However, our results do not agree with the study by ATTIN ET AL. (2003), who reported that addition of only 0.5-1.5 mmol/L calcium reduced softening of enamel and surface loss by 52 mmol/L citric acid, pH 2.21.
Despite the marked structural differences between the two materials (SHELLIS ET AL., 2010), the dissolution rate of compressed HA responded to calcium and phosphate in a very similar fashion to that of enamel. Although compressed HA is less influenced by acid concentration (SHELLIS ET AL. 2010), the evidence supports the utility of this material as a convenient substitute for enamel.
At pH 3.25 and 4.0, neither calcium nor phosphate reduced the rate of dentin dissolution. Because the surface of eroding dentin is covered by demineralized collagenous matrix, the advancing front of demineralization becomes isolated from the bulk solution and exchange between the two will be slow and diffusion-controlled. The demineralization process might then be relatively less responsive to changes in the driving force in the bulk solution. Constant-composition dissolution of dentin is insensitive to the degree of undersaturation (PASCHALIS ET AL., 1996). Thus, modification of drinks which have a pH in the range 3.25-4.0 by addition of low concentrations of calcium or phosphate is unlikely to reduce erosion of exposed root surfaces in adults. The reason for the lack of effect of added phosphate seems to be the very low concentration of PO43- ions at these pH values (Table 3).
At pH 2.5, addition of phosphate tended to increase the rate of dissolution of both enamel and dentin. There are two possible explanations for this phenomenon. First, the increased ionic strength (Table 1), by reducing ion activities, could lower the degree of saturation and hence increase dissolution rate. However, our experiments with enamel and hydroxyapatite suggest that the rate, at least of these materials, is not increased by the observed increase in ionic strength (see also BARBOUR ET AL., 2008). The second possibility is that the increased buffer capacity in the calcium- and phosphate-containing solutions (Table 1) is likely to cause an increase in the dissolution rate. Buffering is an important factor in erosion in vitro (SHELLIS ET AL., 2010, 2013) and has been identified as important in the erosive potential of soft drinks (LUSSI ET AL., 2011).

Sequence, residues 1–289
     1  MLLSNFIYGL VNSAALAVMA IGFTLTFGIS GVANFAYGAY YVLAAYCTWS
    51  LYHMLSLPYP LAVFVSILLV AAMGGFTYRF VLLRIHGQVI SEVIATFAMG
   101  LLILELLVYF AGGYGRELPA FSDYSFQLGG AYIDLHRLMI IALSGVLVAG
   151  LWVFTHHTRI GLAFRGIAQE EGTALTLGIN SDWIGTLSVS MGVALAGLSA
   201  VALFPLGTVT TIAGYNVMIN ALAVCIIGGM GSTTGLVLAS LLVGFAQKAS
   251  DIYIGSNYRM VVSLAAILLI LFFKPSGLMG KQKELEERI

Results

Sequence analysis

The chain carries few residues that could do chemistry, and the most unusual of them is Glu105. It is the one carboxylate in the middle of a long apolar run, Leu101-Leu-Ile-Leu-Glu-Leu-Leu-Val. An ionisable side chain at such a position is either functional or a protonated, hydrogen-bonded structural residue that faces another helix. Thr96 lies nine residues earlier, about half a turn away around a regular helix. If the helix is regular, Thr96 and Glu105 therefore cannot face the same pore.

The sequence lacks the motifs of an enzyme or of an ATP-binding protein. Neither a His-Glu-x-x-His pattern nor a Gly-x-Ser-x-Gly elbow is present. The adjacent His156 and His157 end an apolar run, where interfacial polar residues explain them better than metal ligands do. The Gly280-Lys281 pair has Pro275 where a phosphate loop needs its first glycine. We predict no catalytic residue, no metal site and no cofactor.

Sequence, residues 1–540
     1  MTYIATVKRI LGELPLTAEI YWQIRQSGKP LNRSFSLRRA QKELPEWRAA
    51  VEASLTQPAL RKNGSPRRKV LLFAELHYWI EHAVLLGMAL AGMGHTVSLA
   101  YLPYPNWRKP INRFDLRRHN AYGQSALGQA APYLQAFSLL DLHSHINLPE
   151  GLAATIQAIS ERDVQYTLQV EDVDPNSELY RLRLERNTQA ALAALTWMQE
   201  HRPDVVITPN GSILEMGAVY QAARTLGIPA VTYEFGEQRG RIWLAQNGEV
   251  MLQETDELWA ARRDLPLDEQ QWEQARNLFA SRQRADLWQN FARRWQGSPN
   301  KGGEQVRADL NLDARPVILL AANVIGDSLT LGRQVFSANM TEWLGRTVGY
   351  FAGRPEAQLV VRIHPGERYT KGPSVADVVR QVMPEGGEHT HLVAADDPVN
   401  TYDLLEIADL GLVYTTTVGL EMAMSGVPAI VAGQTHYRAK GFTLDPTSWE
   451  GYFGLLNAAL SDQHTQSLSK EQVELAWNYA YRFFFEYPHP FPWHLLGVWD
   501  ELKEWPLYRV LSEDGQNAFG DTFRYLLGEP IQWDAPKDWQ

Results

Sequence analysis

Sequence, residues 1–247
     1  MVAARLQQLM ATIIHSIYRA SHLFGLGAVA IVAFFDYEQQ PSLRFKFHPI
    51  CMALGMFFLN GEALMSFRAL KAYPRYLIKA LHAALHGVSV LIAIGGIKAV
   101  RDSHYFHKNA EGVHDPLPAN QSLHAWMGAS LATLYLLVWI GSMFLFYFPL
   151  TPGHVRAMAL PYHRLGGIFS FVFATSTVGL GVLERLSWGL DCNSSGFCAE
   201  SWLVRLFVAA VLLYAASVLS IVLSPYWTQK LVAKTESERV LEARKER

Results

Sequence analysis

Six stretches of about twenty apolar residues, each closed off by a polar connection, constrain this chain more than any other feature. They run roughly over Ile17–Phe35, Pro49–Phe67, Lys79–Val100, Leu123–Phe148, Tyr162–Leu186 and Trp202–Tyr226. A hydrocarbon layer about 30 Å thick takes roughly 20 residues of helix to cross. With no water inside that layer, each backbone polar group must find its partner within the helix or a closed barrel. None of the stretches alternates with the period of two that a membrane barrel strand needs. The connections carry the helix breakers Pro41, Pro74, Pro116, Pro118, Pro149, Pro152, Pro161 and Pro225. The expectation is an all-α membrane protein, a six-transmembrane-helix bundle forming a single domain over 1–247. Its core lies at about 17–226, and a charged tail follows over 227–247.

At first sight, the data of MCDONALD & STOOKEY (1973) suggest that phosphate could reduce erosion potential if added at high enough concentration, since they observed large reductions in calcium release from enamel when 83 mmol/L phosphate was added to soft drinks or to three organic acid solutions. However, addition of NaH2PO4 will also raise the pH of the solution. Using CurTiPot software we calculate that pH of the acid solutions used by MCDONALD & STOOKEY (1973) would have increased from initial values of 2.53, 2.68 and 2.58 by 0.54, 0.63 and 0.56 respectively. Figures 2 and 3 suggests that such increases in pH would produce significant reductions in dissolution rate of dentin.
The effect on pH of adding calcium or phosphate salts to acid solutions may have influenced results of previous studies. Alterations of solution pH after supplementation with calcium are seen in MAGALHÃES ET AL. (2009) and in JENSDOTTIR ET AL. (2005). In the latter, pH fell after addition of calcium citrate. In the study of calcium-containing soft drinks by DAVIS ET AL. (2007), an increase of calcium concentration by 8.4-36.9 mmol/L reduced erosion depth in enamel by 60-100% and in dentin by 7-36% after 25 h exposure. However, in 3/4 comparisons, the pH of the high-calcium drink was 0.33-0.4 units higher than that of the low-calcium drink. In the remaining comparison (equal pH) the difference in dissolution rates of both enamel and dentin was much lower than in the other comparisons and it appears that the erosive potential of the drinks was determined in part by pH. The reduction of in situ erosion by a drink with an original pH of about 2.9 was not achieved solely by addition of calcium, since it was added as CaCO3, which raised the pH by nearly 1 unit (WEST ET AL., 1999). For each modification of a drink by calcium addition, the reduced erosive potential has to be balanced against possible changes in pH and hence palatability and shelf life.
In conclusion, the effects of calcium and phosphate on dissolution rate in the pH-stat are highly pH- and tissue-dependent. The results suggest that, with respect to enamel, calcium at the concentrations used here would not usefully reduce erosivity of highly acidic drinks, that phosphate would not reduce erosivity at any pH < 4.0 and that neither would reduce erosivity against dentin, but that calcium would reduce erosion by moderately acidic drinks (pH > 3.25). Compressed HA responded to changes in calcium and phosphate concentration in a very similar manner to enamel highlighting its utility as a convenient and consistent alternative to enamel without the constraints of human tissue legislation and the biological variability that enamel inevitably exhibits.
We recognise that our experiments were conducted under ‘clean’ conditions, so the results may well not be transferable directly to clinical conditions. A particularly important factor is the presence in vivo of salivary pellicle, which is well known to reduce the rate of dissolution of dental enamel in acid (HANNIG AND HANNIG, 2014). However, in vitro measurements of erosion of enamel specimens coated with a salivary pellicle (LUSSI ET AL., this volume) support the results of the present study. The quantitative response of dental hard tissues to modification of erosive conditions is likely to differ in vivo. However, we suggest that addition of calcium or phosphate to erosive products should not be assumed to simply reduce dissolution of dental minerals. The overall effect, influenced by interactions between calcium and phosphate ion concentrations, pH and buffering, may be difficult to predict.
Dr Shellis thanks GlaxoSmithKline for financial support.